The biggest shock in the Budget, and the area that has gained the greatest press coverage, has been the removal of restrictions on pension withdrawals.

To be clear, the final rules will be subject to final consultation and are not likely to be in place until April 2015 at the earliest, but we expect that for those of pension withdrawal age (currently 55) they would be able to withdraw the 25% lump sum from their money purchase pensions, and take the rest at their marginal rates of income tax.

It is interesting to note that the documents circulated by HM Treasury in the Budget Statement show this change will actually increase tax take by £1.2 billion. We believe this is because many individuals, who do not seek advice, will pay 40% to 60% income tax on their withdrawals, something that should clearly be avoided if at all possible!

Whilst these changes are not in place yet, restrictions were eased, somewhat from 27th March 2014.

Flexible Drawdown, the current means by which pension withdrawals can be increased to very high levels was changed. Currently there is a “minimum income requirement”, which is the level of guaranteed income that is needed to allow unrestricted withdrawals on pensions. This was reduced from £20,000 pa to £12,000 pa. Only State Pensions, Guaranteed Annuities and Scheme Pensions (normally Final Salary Pensions), will qualify for the purposes of this rule, but it makes it easier for individuals on 27th March to qualify for an unlimited withdrawal.

For those in Capped Drawdown, the maximum level of income will rise from 120% of the Government Actuaries Department maximum withdrawal rate to 150%. Broadly speaking, this means that the maximum level of withdrawal should be 25% greater than it is presently.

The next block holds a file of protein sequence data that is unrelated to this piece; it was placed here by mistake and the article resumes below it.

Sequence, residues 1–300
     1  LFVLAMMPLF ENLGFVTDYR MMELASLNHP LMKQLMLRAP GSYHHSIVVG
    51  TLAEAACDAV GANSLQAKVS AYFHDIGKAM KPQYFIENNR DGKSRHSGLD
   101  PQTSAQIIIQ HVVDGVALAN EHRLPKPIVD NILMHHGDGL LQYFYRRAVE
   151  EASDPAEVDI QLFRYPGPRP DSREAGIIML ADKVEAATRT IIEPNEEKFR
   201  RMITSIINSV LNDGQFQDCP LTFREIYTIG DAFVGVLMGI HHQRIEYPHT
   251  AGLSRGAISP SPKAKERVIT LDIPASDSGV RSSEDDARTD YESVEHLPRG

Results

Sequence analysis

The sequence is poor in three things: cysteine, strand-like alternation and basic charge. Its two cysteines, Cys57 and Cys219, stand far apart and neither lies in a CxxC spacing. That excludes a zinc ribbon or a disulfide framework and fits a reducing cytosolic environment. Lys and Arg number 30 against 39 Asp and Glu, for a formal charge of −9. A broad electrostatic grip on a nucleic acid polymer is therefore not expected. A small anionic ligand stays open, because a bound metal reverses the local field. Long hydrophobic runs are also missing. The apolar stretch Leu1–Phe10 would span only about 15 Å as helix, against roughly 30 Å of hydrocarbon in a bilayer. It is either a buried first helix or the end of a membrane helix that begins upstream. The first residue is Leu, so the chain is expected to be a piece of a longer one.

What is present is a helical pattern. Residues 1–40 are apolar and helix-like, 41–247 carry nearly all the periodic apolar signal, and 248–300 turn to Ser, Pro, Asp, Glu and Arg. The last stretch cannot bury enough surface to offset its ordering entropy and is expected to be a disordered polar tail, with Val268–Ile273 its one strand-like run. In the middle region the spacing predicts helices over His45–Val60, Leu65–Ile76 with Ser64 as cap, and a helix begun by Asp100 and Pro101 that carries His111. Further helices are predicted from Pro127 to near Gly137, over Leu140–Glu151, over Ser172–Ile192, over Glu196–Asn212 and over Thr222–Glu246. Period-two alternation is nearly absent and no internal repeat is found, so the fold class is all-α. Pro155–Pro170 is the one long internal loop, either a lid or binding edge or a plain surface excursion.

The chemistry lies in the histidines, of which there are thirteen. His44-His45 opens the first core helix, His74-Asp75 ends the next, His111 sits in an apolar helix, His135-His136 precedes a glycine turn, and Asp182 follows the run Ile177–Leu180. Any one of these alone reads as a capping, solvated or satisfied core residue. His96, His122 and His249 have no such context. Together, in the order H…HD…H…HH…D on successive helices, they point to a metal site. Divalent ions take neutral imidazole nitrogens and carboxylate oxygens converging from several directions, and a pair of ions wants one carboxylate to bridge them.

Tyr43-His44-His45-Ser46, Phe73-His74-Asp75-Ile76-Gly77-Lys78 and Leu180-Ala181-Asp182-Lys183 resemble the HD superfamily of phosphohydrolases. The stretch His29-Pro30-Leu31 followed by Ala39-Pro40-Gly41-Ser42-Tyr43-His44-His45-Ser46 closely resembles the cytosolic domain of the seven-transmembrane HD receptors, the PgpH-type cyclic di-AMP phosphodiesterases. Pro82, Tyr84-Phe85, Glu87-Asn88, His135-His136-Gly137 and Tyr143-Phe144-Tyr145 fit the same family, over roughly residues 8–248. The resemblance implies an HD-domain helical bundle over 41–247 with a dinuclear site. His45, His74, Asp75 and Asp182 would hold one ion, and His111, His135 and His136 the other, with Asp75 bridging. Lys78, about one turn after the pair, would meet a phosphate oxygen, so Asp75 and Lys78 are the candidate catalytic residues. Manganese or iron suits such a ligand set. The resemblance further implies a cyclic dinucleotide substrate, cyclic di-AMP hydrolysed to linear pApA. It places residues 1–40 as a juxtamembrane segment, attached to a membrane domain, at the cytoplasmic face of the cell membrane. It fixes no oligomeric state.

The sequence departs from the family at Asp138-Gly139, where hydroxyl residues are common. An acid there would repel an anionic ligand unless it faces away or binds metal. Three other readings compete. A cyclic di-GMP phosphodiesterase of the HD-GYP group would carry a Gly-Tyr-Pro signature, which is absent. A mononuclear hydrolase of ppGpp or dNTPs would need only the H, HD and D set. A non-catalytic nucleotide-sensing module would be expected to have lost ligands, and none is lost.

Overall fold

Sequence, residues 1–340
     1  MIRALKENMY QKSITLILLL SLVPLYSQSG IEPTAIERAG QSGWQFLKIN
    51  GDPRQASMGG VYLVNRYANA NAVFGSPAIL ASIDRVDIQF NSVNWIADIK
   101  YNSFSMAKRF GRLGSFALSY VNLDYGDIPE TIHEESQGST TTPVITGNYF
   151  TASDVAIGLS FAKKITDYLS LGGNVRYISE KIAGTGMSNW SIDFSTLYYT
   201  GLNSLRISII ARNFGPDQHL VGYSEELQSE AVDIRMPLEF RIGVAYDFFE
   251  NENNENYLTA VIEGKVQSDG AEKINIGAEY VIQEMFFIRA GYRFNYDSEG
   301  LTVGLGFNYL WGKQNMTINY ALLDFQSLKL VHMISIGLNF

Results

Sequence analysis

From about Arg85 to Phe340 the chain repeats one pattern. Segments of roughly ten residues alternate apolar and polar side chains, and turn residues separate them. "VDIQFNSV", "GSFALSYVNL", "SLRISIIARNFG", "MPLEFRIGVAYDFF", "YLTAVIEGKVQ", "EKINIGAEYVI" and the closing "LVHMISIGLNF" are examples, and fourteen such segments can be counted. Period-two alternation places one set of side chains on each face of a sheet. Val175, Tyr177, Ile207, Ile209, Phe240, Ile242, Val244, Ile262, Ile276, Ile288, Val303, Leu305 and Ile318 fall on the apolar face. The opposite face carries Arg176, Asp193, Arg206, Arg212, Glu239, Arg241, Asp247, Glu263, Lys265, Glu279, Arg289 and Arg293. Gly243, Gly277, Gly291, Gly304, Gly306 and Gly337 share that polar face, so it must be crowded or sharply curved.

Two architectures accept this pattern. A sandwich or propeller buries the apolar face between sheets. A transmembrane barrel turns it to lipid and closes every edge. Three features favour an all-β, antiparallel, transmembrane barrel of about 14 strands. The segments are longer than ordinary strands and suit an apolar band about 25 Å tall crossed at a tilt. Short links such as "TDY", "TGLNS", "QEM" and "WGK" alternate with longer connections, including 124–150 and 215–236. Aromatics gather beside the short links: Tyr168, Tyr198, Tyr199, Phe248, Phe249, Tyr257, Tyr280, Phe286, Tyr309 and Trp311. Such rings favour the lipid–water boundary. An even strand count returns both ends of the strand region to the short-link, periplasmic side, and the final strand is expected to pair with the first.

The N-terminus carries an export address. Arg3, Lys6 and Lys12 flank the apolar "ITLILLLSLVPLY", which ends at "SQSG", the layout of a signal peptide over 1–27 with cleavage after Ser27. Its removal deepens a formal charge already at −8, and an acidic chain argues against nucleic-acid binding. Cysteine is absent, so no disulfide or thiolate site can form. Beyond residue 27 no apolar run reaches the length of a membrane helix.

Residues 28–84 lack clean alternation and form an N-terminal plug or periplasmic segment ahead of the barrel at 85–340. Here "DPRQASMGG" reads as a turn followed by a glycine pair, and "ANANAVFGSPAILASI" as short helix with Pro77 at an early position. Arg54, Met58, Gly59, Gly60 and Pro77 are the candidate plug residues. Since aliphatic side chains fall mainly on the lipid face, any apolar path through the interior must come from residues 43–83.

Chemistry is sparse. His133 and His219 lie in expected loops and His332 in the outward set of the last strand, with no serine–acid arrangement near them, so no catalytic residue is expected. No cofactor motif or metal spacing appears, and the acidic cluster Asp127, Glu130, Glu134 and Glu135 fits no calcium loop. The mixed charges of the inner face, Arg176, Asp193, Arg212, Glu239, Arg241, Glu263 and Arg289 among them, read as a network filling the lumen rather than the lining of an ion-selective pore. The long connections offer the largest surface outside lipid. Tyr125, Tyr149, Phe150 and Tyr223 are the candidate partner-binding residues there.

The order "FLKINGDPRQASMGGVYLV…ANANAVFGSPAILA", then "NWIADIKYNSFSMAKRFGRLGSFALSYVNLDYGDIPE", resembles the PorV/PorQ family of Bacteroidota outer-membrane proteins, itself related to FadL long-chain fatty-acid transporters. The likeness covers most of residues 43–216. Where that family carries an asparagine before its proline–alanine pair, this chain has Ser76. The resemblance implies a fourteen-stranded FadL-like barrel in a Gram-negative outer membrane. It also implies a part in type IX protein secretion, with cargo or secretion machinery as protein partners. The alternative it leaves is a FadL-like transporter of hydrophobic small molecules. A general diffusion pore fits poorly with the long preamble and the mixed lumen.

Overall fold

It should be noted that just because the legislation allows these variations, it does not mean that you will be contractually allowed to do so. Some providers are implementing the changes immediately, with some waiting for a later date in the year.

Furthermore, the wisdom of taking such high levels of withdrawals should be questioned, and of course we would strongly recommend that individuals seek advice before making changes to their plans. We would be delighted to discuss this with you at your convenience.

Further changes may come, for example, the removal of the current 55% tax charge on death on pension benefits that have been “crystallised”.

This potentially increases the benefit of discretionary trusts for pension lump sum death benefits, to avoid inheritance tax on second death, something that we as a firm have been passionate about for a number of years.

Whilst not changed in the budget, it is worth mentioning that the lifetime allowance, this being the maximum tax relievable amount that can be efficiently built up in a pension, will still fall for many people to £1.25 million from 6th April 2014.

The annual allowance, which is the maximum level of contributions that can be paid into a plan whilst receiving tax relief, will also reduce to £40,000 pa. There is an ability to carry forward up to three years of unused allowances, so some individuals can still put significant six figure sums into their plans.

The increased flexibility to pensions are expected to immediately effect 400,000, with a further 320,000 every year, starting from April 2015. We hope this significant change increases positivity to long term savings, and hope it also provides a disincentive to future Governments to tinker with pensions legislation.

For those with small pots, either a total of £30,000, or “stranded” pots which are up to three in number, of £10,000, an individual can take the entire of these funds as cash, but subject to 25% being tax free and the rest taxed as income. This change is also from 27th March 2014, scheme rules permitting.

Due to these increased flexibilities it is proposed that public sector transfers out of Defined Benefit Schemes into Defined Contribution will be banned completely. It is unclear what will happen to private sector final salary schemes, although changes could be anything from a full ban, to no change to the current situation where members have a right to transfer out under normal circumstances.

For younger clients it may be of interest that the proposed minimum age that a private pension can be taken will increase in line with the State Pension age increasing, so there is always a margin of ten years between State Pension age and the youngest possible age that a pension can be drawn.

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